August 08, 2014

Candidate's wife slams "drunken" Natives

Gord Steeves' wife under fire for 'drunken native' Facebook post

Comes on same day mayoral candidate pledges to pick up intoxicated people downtownThe wife of mayoral candidate Gord Steeves, Lorrie Steeves, was the focus of social media today for what she posted on her Facebook page in 2010.

Her post on February 11, 2010 reads: "Lorrie Steeves is really tired of getting harrassed (sic) by the drunken native guys in the skywalks. we need to get these people educated so they can go make their own damn money instead of hanging out and harrassing (sic) the honest people who are grinding away working hard for their money. We all donate enough money to the government to keep thier (sic) sorry assess (sic) on welfare, so shut the f**k up and don't ask me for another handout!"

It comes on the same day that Gord Steeves announced that as mayor, he would commit more police cadets to the downtown area to pick up intoxicated people.

He said Winnipeg's downtown can't thrive while there is a perception it isn't safe.
And:Derek Nepinak, grand chief of the Assembly of Manitoba Chiefs, said he thought Lorrie Steeves' Facebook comment was narrow-minded.

"It's reflective of an attitude among some people from some of the privileged areas of the city that venture downtown and see some of the things they don't want to see," said Nepinak. "I think it's problematic being that it comes from the wife of one of our candidates for mayor."

Nepinak said he was offended by the comment as well as Gord Steeves announcement this afternoon.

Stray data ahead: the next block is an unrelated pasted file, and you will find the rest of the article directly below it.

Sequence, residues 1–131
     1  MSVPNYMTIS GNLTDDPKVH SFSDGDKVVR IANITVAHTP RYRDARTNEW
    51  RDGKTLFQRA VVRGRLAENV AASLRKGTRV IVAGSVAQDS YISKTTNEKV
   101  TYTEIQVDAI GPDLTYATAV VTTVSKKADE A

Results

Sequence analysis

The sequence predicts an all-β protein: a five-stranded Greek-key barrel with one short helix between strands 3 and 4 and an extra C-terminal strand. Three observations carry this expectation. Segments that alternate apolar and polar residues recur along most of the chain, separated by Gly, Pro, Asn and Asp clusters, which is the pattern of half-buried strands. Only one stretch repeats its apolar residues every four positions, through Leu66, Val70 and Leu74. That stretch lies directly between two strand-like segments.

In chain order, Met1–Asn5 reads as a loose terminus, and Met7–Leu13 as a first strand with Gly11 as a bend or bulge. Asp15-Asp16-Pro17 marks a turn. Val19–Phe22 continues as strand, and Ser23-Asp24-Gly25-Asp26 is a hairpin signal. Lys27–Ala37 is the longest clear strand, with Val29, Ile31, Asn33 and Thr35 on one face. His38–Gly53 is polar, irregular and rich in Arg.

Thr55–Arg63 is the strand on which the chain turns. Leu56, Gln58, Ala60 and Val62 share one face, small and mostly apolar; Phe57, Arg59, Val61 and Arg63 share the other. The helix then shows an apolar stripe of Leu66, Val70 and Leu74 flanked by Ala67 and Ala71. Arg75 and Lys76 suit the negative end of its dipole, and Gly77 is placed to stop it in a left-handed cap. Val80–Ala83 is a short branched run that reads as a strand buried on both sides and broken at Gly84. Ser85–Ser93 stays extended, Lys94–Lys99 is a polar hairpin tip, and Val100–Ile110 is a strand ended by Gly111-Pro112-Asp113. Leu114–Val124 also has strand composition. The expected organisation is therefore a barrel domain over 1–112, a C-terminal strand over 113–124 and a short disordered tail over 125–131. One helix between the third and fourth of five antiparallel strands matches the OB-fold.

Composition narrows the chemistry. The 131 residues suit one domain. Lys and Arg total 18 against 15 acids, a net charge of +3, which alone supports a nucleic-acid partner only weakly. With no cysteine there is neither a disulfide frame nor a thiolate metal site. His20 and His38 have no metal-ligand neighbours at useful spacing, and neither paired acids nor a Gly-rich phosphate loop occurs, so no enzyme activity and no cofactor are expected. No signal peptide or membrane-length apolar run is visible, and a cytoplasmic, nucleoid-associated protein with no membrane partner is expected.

Nepinak said Steeves' plan to beef up the cadet presence downtown was a "shortsighted" bandaid solution to a deeper social issue.
Political expert says it’s too soon to know impact of “drunken natives” commentsWhen reached by Global News by phone, Lorrie Steeves would not comment on the post, but late Friday emailed the following statement and apology: “In 2010 while I was working downtown I was regularly harassed for money and often put in a position where I feared for my safety. One day in particular 4 years ago was very bad and out of frustration I vented on my personal facebook page. I feel terrible about these comments. I am terribly sorry and I apologize. I do not clear my facebook posts or status updates with my husband.”

Michael Champagne, who founded Aboriginal Youth Opportunities, would like Lorrie to take her apology a step further and spend some time with him in the North End.

“We can explain what it is like from our perspective to experience homelessness and deal with addictions,” said Champagne.

He hopes the negative Facebook comments do not overshadow all the good work he feels is being done within the Aboriginal community.

“We as indigenous young people in this city are trying as hard as we can to break those stereotypes but we need the rest of Winnipeg to come along so they can actually change,” Champagne told Global News.

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